How Do These Utah Kids Survive With Limited Electronics?
With everyone home from school for winter break, the Horsley children, Jude, age 8, Gabby, 6, and Merrick, 5, sprawl in their West Jordan family room watching a half hour of PBS to unwind. When the time is up, Jude rises, turns off the TV, and asks if he can do his math homework. Gabby starts to practice the piano and Merrick picks out a workbook and starts to color. There are no arguments and nobody asks for more TV time. That’s how things work in the Horsley house with very limited access to television or video games. Instead of electronic diversions, the house is filled with fun and interesting things to do.
Mom Lauren, says, “It drives me crazy to hear ‘I’m bored’ and so I keep things around the house the kids can access on their own without permission.” Before they ever had kids, Brett and Lauren Horsley decided that they wanted to parent differently. They wanted their children’s lives to be full of imagination and learning. They wanted them not just to learn, but to love learning. They set up a plan, modified it along the way and put it into practice.
In a world where every kid seems to know the latest video game or computer program before they are available to consumers, the Horsley children are limited to a half hour a day of video or computer games. The half hour is not free. It has to be earned with household chores.
Jude, Gabby, and Merrick are okay with that. Many times they choose not to do the chores and skip the electronic games altogether.
They have closets-full of board and card games. They have a dress-up box downstairs. They have a craft closet. There is a piano in the living room. There are books everywhere. Actual books with pages to turn! Lauren wants to make sure the kids have choices that will help them use their imaginations.
Family activities are also an important part of their lives. With limited electronics there is more time for interaction. The family grows a garden every year and each child is in charge of one crop. Lauren is in charge of what to do with the harvest and the kids are excited when one of their vegetables makes it to the table.
The kids participate in one sport per season, baseball in the spring, soccer in the fall and tennis in the summer. They spend a lot of time playing outside together as a family and they like to travel as a family. In fact, Brett and Lauren give a present of travel plans at Christmas. Lauren believes they get plenty of gifts from extended family and she says, “We want them to know our family values are not about stuff, but about being together, seeing the world and having unique experiences.”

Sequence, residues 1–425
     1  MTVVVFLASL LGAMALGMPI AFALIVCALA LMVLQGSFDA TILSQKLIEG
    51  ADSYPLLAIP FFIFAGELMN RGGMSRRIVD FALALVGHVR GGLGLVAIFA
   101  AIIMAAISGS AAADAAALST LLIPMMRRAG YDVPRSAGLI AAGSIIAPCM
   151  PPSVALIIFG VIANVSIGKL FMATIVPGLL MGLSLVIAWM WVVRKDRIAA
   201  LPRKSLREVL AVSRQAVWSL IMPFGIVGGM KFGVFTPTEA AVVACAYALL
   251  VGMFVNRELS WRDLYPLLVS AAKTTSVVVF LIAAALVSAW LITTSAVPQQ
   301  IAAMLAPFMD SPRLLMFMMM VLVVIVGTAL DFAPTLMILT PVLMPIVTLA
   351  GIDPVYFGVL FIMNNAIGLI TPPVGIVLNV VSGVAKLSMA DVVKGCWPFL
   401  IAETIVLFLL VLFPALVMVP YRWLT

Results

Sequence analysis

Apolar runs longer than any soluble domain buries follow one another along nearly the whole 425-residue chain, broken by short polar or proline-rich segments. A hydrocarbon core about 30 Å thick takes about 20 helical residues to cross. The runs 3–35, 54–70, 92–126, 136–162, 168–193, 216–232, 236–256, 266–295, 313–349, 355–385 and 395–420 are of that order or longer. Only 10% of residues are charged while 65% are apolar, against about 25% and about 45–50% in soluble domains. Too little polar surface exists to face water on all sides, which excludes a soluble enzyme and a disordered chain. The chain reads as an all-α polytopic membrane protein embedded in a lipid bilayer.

When asked what his favorite free-time activity Jude said he likes to read. He just finished reading Harry Potter and the Deathly Hallows. After another moment of thought, he added that he also likes to play “baby bear” with his brother and sister. He said, “I am a bear who has learned to talk. Merrick is a mouse and Gabby is the mother. We can’t decide if she is the mouse mother or the bear mother.”
With no mention of Mario Brothers, Merrick and Gabby both said their favorite pastime is playing with workbooks.
Until Jude was around five, no electronic games were allowed at all. Over time Lauren realized it could be a good way to unwind and so the half hour rule came into being. The Horsley’s realized it was a normal part of growing up in this day and age and that it is okay to have down time. The funny thing is that the kids usually choose another activity rather than make their beds. And Lauren is okay with that.
All this amounts to pretty intensive parenting for Brett and Lauren. Lauren drives the kids 20 minutes each way during the week day so they can attend a French immersion school. Jude says, “My favorite subject is math because I’m good at it.” Gabby likes anything taught in French. Seeing the progress and joy in their children makes everything worth it. Lauren says, “Both Brett and I agree that a love of learning is important. We try and foster that in our home.”
A side benefit happened this summer when Lauren broke her ankle. Her bedroom was upstairs and it was hard to go up and down the stairs all day and so they kids were kind of own their own. Instead of running upstairs every few minutes to ask her what they could do, she could hear them downstairs happily playing Uno, one of their favorite games, for hours. She didn’t have to worry about them staring blankly at a computer or television screen, she knew they had each other.
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